A total of 433 girls at the Abura-Asebu-Kwamankese (AAK) District, aged between 10 and 19 years, got pregnant from January to December 2021, the District Health Directorate has said.
Of the number, three are children between ages 10 to 14, while the rest are 15 to 19 years.
Mrs Caroline Okai, the Adolescent Focal Person of the AAK Health Directorate, who made this known, identified drivers, fishermen, and barbers among those who impregnated the girls.
Mrs Okine was speaking at the inaugural ceremony of the AAK Orange Ambassadors Club, established to give adolescents the platform to voice out their challenges to stop gender and sexual-based violence (SGBV) and teen pregnancies.
The Club, jointly instituted by the United Nations Population Fund (UNFPA) and Mr Elvis Morris Donkor, the Member of Parliament for AAK, also helps adolescents to find appropriate means of channeling their worries.
Mrs Okai said a detailed sexual reproductive health education would help change the narrative and called on parents to help in the fight against the menace.
The broad aim of Adolescent Reproductive Health Interventions was to reduce the adverse consequences of sexual misbehaviour and improve their sexual life.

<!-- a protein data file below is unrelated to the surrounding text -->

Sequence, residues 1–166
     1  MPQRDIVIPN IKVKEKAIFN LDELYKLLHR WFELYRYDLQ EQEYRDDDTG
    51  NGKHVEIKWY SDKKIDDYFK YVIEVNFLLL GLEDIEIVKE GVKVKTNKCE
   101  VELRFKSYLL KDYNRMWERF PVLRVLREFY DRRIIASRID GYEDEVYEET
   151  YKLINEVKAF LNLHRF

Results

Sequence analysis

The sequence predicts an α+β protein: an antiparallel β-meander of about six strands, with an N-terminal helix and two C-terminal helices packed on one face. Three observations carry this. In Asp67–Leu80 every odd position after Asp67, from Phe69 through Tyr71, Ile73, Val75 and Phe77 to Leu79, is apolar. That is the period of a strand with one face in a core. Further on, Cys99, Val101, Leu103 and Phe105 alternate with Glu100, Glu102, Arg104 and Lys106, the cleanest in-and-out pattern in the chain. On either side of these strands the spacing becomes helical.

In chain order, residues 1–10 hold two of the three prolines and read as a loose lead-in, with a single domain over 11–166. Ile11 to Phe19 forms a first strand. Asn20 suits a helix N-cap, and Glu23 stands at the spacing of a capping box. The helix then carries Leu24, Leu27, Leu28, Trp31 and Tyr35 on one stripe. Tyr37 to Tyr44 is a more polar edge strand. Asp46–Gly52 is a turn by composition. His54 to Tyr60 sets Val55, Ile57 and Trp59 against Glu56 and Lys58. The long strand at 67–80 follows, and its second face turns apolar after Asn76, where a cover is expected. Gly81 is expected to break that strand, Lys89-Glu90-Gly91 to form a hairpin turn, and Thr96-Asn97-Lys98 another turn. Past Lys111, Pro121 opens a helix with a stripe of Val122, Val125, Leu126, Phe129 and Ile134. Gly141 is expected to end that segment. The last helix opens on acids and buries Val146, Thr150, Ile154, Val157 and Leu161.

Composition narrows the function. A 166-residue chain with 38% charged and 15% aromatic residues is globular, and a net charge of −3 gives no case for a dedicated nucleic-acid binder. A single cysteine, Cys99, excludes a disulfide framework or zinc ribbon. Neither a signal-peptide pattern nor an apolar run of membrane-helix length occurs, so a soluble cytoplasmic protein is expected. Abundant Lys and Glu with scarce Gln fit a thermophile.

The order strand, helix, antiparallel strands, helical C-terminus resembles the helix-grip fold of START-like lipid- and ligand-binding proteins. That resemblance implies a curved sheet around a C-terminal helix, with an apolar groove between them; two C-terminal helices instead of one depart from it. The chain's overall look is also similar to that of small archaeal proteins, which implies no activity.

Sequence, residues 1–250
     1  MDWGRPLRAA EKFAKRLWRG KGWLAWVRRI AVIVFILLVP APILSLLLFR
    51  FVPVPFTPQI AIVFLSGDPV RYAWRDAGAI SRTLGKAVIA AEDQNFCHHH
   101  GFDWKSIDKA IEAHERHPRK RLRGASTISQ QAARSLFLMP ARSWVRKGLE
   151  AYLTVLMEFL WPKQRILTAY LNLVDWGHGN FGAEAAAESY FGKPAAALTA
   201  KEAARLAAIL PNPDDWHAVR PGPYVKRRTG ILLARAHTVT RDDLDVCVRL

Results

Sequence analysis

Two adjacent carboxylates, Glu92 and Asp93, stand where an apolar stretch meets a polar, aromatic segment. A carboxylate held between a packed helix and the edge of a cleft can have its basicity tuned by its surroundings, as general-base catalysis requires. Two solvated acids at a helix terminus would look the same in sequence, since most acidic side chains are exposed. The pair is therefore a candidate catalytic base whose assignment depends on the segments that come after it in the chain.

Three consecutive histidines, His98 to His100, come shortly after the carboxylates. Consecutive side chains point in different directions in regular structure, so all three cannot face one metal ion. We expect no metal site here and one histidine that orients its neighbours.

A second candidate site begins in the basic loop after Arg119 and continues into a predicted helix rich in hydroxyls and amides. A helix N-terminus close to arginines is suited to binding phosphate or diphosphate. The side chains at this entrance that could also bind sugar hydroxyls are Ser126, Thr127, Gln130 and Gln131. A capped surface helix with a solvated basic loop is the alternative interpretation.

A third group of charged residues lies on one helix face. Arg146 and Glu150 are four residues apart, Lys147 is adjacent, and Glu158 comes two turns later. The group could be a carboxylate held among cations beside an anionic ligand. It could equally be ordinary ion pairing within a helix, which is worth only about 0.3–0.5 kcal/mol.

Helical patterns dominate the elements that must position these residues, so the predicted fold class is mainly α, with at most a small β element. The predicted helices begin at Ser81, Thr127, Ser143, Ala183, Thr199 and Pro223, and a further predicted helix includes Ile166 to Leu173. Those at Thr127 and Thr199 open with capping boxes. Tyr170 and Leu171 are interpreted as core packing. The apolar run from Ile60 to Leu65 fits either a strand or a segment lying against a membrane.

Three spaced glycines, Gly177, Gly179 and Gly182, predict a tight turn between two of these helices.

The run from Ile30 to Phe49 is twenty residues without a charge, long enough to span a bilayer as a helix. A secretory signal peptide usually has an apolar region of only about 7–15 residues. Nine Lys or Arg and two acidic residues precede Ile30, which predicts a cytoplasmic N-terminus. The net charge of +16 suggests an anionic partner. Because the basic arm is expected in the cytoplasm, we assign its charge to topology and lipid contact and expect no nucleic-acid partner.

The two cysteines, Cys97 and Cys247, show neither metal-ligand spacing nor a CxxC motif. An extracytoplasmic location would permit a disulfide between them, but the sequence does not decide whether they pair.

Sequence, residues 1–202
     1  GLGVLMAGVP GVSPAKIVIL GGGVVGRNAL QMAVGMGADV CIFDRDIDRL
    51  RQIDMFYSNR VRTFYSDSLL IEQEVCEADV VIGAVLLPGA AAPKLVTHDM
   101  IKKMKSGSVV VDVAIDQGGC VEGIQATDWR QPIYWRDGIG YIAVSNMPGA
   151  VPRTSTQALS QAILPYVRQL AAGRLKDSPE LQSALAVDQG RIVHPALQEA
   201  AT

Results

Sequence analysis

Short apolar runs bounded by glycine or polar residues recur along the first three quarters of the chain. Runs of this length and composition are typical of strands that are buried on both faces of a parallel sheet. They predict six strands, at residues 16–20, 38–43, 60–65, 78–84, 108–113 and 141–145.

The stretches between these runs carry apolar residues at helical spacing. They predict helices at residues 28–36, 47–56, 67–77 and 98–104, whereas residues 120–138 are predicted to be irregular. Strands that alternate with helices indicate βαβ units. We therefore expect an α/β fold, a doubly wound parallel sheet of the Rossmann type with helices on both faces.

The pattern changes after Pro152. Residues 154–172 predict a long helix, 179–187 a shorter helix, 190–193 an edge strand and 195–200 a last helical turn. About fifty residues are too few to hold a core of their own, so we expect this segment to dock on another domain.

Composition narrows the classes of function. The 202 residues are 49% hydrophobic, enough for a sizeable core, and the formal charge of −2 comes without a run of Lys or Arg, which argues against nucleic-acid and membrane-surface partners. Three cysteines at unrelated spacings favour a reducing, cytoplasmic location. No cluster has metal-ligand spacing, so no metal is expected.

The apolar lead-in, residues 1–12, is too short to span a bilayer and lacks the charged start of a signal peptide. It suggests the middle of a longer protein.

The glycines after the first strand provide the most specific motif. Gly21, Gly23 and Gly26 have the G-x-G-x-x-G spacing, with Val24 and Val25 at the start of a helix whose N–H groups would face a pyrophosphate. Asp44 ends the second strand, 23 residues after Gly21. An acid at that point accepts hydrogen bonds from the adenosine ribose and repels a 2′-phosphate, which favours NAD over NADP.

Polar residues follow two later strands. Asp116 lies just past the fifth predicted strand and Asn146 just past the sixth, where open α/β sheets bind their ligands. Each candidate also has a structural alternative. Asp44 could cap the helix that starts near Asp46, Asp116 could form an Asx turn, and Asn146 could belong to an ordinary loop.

Aside abstinence, the GHS created awareness among adolescents about safe sexual practices to prevent sexually transmitted infections, including HIV/AIDS.
Mrs Okai expressed optimism that the Orange Ambassadors Club would gain grounds and have a greater impact in the society.
Ghana had a youthful and vibrant population, compared to other countries, she said, and urged the youth to be hard-working, utilising their God given talents and help build Ghana into an economic giant free from teenage pregnancies.
The inaugural ceremony was on the theme: “Empowering Young People to Speak up on Issues of Sexual and Gender Based Violence, Teenage Pregnancy and Advocate for Adolescent Reproductive Health.”